Re: Sorry High Street Bank
As several people have already pointed out, it's not banning encryption, it's forcing the large companies to give UK gov a backdoor.
The idea is flawed not because it will make encryption illegal, but because keeping a backdoor secret is impossible. Once it is leaked, and it will leak, everybody will have to change their encryption. How disruptive has been replacing insecure SSL/TLS. Backdoors leaking would be much worse than this!
The government will try to make using encryption that does not include a backdoor illegal, and will demonize anybody found using such a system, probably by adding laws to the statute book so that anybody found using encryption that is not readable by the intelligence service will be deemed a terrorist, but even that idea is flawed.
This is because, if they find a data stream or data set on a computer that they don't understand, they will immediately assume that it is obscured by a type of encryption that they've not seen before.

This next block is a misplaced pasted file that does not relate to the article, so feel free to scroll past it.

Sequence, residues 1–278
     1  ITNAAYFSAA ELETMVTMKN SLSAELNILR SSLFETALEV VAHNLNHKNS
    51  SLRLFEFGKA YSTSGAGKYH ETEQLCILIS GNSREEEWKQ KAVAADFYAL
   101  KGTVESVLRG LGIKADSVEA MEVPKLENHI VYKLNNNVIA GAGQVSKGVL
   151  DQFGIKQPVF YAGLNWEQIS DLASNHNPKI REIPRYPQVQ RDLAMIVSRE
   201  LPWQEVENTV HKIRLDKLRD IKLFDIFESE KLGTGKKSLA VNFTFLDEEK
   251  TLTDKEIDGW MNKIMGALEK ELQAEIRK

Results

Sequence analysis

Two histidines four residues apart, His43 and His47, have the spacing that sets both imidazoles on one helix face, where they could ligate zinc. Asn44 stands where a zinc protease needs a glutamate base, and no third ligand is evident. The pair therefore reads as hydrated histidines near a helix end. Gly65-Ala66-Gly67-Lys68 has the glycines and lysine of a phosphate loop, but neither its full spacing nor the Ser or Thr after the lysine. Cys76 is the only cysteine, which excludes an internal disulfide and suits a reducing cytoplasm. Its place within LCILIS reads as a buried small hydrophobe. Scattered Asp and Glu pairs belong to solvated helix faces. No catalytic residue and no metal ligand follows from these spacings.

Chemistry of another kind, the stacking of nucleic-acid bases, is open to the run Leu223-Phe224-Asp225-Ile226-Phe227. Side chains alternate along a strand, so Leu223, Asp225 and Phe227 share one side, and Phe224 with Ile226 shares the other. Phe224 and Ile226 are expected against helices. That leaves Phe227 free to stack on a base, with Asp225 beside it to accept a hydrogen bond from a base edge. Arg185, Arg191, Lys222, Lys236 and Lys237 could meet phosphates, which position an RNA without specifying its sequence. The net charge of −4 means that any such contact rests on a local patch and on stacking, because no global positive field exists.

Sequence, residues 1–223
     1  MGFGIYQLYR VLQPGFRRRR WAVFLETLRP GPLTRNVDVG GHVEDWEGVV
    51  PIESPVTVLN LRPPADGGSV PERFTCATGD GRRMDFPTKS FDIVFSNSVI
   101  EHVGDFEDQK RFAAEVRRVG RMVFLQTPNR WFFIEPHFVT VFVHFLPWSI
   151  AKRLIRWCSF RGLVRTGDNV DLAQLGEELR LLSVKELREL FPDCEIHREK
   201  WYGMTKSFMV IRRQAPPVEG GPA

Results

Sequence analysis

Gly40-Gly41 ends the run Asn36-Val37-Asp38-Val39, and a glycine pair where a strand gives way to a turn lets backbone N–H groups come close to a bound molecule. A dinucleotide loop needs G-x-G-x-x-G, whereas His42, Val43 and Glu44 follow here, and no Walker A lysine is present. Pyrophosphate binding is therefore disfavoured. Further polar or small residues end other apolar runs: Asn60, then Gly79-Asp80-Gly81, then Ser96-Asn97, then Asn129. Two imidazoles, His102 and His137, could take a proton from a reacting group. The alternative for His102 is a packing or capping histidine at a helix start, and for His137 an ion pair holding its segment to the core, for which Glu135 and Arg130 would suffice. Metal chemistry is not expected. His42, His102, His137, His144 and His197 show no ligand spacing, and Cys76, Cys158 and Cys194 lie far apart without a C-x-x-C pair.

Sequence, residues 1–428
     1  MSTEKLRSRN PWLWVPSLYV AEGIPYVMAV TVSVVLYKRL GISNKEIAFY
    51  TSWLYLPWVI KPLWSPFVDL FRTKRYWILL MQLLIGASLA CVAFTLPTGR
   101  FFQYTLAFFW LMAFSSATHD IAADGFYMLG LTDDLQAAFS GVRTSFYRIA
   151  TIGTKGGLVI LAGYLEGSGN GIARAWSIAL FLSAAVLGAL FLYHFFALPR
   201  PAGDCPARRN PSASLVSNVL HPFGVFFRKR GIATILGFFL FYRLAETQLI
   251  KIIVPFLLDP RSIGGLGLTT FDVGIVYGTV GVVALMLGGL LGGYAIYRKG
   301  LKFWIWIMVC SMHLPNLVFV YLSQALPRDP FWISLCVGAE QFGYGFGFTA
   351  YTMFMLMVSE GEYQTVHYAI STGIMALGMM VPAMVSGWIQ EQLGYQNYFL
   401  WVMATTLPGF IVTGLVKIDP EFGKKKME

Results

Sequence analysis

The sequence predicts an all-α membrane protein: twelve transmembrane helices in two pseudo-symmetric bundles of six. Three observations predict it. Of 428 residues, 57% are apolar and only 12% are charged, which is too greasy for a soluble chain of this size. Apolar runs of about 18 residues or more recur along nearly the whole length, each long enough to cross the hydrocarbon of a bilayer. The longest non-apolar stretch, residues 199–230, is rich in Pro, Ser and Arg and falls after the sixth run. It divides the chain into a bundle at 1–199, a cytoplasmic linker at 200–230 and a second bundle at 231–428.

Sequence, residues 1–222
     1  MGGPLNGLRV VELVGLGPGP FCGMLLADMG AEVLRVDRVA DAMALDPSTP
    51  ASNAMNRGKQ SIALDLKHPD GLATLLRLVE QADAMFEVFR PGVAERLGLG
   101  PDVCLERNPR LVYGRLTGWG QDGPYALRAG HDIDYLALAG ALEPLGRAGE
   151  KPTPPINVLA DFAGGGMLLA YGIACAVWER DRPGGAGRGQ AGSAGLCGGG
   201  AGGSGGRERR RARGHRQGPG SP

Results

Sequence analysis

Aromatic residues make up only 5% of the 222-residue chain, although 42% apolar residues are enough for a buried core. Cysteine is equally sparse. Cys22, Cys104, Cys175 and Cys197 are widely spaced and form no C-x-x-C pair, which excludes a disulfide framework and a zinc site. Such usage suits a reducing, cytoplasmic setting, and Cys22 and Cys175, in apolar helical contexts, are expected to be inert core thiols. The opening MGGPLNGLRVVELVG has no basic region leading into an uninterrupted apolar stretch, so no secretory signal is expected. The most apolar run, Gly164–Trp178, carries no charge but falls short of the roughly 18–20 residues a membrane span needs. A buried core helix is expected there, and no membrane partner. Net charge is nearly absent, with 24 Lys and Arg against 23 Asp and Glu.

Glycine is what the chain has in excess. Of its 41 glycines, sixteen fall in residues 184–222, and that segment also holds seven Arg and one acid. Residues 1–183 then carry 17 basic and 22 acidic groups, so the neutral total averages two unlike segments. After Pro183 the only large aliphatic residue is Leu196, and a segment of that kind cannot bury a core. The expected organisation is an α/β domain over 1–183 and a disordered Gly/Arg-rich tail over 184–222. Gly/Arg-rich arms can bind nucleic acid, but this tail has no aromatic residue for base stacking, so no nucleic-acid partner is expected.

"Hey, I can't make any sense of the data in this /dev/urandom file on your computer. Tell us how to decrypt it or we'll throw you in jail for three months for not revealing the key, and then consider a longer jail sentence for using an encryption method that we can't read"
This is obviously a case to illustrate stupidity, and could be easily challenged in court. By what about seemingly random observation data from things like radio astronomy or applied physics, and if there are rules to allow this type of data to even exist on a computer, how do you prevent steganography - hiding data inside the image or other data.
At some point, people wanting to hide things will resort to book ciphers using unpublished or even published books, which will only be decryptable by knowing the exact book that is being used, or by cataloging all texts ever written. Fortunately, despite Google's best efforts, this is something that will remain impractical for some time.
It's a real minefield that there are no good or consistent ways of regulating.